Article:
But once under way, the BB picked up its skirts and scooted right along. Handling “is an enthusiast’s delight”, and the BB set a record in the slalom test. There was plenty of understeer built in, until the throttle is put to use in changing that to power oversteer. And a 5 liter version was already in the works.
On the next object of veneration. This is not a proper R&T review, but more of a driving impression, since there was no actual testing. But driving a Countach was undoubtedly a highly memorable experience, especially taking it up to 174 mph on a California freeway during the 55 mph era. The first ticket came within the first 30 minutes of the drive from LA to Phoenix, when they weren’t even trying to go fast. Doing 55 in a Countach is nigh near impossible.
Since the B&W shots don’t do it justice, let’s take a quick detour and spend a few minutes with Marcello Gandini’s (as of yet unsullied) masterpiece. He had also designed the Miura, although there’s absolutely no continuity between them, unlike the Pininfarina blood line. This is the initial production version, the LP400 from 1973.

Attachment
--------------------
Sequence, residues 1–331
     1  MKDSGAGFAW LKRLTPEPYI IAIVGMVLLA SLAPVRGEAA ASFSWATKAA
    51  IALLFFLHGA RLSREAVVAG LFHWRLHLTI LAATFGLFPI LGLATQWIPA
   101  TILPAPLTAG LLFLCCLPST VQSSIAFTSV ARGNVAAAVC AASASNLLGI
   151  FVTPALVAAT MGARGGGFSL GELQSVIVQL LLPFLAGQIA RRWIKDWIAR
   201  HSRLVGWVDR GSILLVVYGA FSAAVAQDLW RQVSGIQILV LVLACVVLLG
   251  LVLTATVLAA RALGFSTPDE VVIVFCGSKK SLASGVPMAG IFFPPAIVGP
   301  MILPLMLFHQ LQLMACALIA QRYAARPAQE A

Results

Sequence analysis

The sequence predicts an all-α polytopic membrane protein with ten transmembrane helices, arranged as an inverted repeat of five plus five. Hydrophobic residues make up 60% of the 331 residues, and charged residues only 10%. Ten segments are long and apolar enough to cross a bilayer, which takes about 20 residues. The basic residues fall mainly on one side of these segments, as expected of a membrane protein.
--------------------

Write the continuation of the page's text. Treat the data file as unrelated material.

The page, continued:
It was a revolutionary shape, to put it mildly, when the LP500 prototype first appeared. This was really radical for 1971; totally blew me away, just as the Miura had in 1966. Sadly, only this original prototype properly shows the form that Gandini was going for, even the first production version of 1973 had have modifications to keep the V12 cool. Never mind the later fender flares and wings that came later; “spoilers” in the true sense of the word.
Needless to say, the scissors doors become iconic, and will forever be know as “Lambo doors”. Are folks still putting Lambo door kits on regular cars? Or has that enduring fad finally petered out?
Back to the article. I’ve digressed way too much, and it’s getting late, so you can read it without my Cliff Notes version.
I love that drawing at the bottom. Don’t you wish you had done that when you were a kid? Isn’t it the ultimate super car? Everything since then is just a regurgitation of the the same theme.
So which Lambo poster was up on your bedroom wall?
If you did have one of those, no doubt you also had this.